By an open fire, we sat around a large wooden table which had been handmade by our friend’s great-grandfather some centuries past. As we chatted away, we worked at scoring an X into the flat side of a great mound of chestnuts, just collected from our friend’s chestnut grove.
We then laid the nuts out on a large grill over the fire. With an occasional expert shake of the grill to turn the nuts, we watched as they turned a lovely golden brown. The room became filled with the delicious aroma of roasting chestnuts, increasing our anticipation to such a point that all conversation ceased as we watched the fire turn these hard starchy nuts into a soft and delicious winter treat.
When it seemed that the roasting of the chestnuts was near completion, we carefully removed one to test.
Taking a paring knife, our friend peeled the shell from the nut, removed the furry inner layer, blowing cool air on his fingers as he did so. Once revealed the light yellow flesh of the chestnut was tasted, and having confirmed the chestnuts were roasted to perfection, we removed the lot from the fireplace and started to peel – and eat! – the delicious chestnuts.
Chestnuts are traditionally produced in the mountainous Amiata region of Tuscany, where there are seasonal festivals dedicated to the much-loved nut that results in a banquet of fantastic Tuscan chestnut recipes.
The surrounding forests are filled with chestnut trees, the nuts from which are turned into a range of delicious desserts and a few savoury dishes as well.
The most well-known traditional Tuscany dessert recipe made from Chestnuts is the ‘Castagnaccio’. There are two versions of this Tuscan dessert recipe, an ancient one made from whole chestnuts and a more modern version (only a few centuries old!) made from chestnut flour with raisins, pine nuts and sage. This Tuscan dessert recipe is typically eaten at Christmas time once the chestnuts have been turned into chestnut flour.
The ancient version of Castagnaccio requires boiling the chestnuts in their shells, peeling each one before mixing in the rest of the ingredients. It is certainly much more time concerning, but also quite delicious, and not too sweet.
Below we have included both recipes, one more modern version by Tessa Kiros and the other a much older peasant variety that utilises whole, boiled chestnuts.
Typically combined with the roasted nuts however is ‘Vinnovo’ – new wine.
And so it was, not ones to break age-old traditions, we enjoyed our new wine with our freshly roasted chestnuts, the crackling fire slowly burning out beside us.
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Castagnaccio Antico – Ancient chestnut flour recipe
600 g boiled chestnuts, peeled
5 egg yolks and egg whites, separated
150 g sugar
optional: brandy or honey
Mash the peeled chestnuts whilst still hot. Cream 5 egg yolks with the sugar. Mix into chestnut mash and drizzle in the cream, stirring all the while. A dash of brandy or honey can be added if desired. Stop adding in cream once the mixture is moist. Whip the egg whites until they form stiff peaks then carefully fold into the chestnut mix. Once well-blended, pour into a buttered (or oiled) cake tin and cook for 45 minutes at 200°C. Best served hot, and also nice served with whipped cream or gelato, and strawberries. You can also cover with grated chocolate if you like.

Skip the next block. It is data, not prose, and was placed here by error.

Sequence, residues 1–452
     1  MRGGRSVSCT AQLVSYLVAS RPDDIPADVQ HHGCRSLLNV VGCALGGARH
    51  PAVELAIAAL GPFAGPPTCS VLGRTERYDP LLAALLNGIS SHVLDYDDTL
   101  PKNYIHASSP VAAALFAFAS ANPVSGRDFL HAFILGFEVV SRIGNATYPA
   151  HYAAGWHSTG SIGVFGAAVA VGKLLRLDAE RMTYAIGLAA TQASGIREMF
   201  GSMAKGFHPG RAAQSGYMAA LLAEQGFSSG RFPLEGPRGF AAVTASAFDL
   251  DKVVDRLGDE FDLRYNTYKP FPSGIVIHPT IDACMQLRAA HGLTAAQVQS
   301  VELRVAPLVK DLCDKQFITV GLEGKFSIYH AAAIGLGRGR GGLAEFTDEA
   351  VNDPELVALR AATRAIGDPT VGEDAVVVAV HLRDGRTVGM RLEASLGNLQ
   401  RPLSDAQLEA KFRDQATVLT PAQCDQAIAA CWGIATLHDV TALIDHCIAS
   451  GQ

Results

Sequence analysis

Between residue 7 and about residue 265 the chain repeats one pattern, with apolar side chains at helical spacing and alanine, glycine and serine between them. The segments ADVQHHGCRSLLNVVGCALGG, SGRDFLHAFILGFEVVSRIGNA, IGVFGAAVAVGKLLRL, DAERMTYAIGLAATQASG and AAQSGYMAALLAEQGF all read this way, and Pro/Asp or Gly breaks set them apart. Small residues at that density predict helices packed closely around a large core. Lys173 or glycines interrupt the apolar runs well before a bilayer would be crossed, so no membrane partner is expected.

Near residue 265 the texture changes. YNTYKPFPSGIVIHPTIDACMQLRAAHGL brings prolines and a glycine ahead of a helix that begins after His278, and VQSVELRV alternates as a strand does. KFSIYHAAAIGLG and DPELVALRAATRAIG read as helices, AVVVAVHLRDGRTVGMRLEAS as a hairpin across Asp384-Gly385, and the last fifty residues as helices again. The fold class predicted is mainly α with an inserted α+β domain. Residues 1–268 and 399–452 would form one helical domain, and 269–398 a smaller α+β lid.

Castagnaccio – Chestnut flour cake
Recipe from Tessa Kiros’ ‘Twelve: a Tuscan cook book’
‘Originally this cake was made in December once the November chestnuts had been dried and made into flour. Nowadays chestnut flour and this rather unusual cake are both sold in November. As with all their traditional goods, the local people love this cake which they have grown up with’
Makes one 24 cm flat cake
80 g sultanas
400 g chestnut flour
8 tablespoons olive oil
about 450 ml water
80 g shelled walnuts, broken up into pieces
80 g pine nuts
2 sprigs of rosemary, leaves stripped off stalk
butter for greasing
breadcrumbs for lining the cake tin
Preheat the oven to 200°C. Soak the sultanas in a little warm water to soften them. Put the chestnut flour into a bowl with 4 tablespoons of the olive oil, a pinch of salt and the water. Mix in with a wooden spoon to make a smooth and fairly liquid batter.
Drain off the water from the sultanas and add half of them to the mixture. Add half of the walnuts, pine nuts and rosemary leaves, and mix into the batter.
Butter a 24 cm round or square cake tin and sprinkle with breadcrumbs to cover the bottom, shaking away the excess. Pour in the cake mixture. Scatter the remaining rosemary, walnuts, sultanas and pine nuts over the surface of the cake. Drizzle with the remaining olive oil.
Bake for about 50 minutes or until the top has a rich, golden, yet soft crust. Remove from the oven and when it has cooled slightly, cut into small squares. This is best served warm.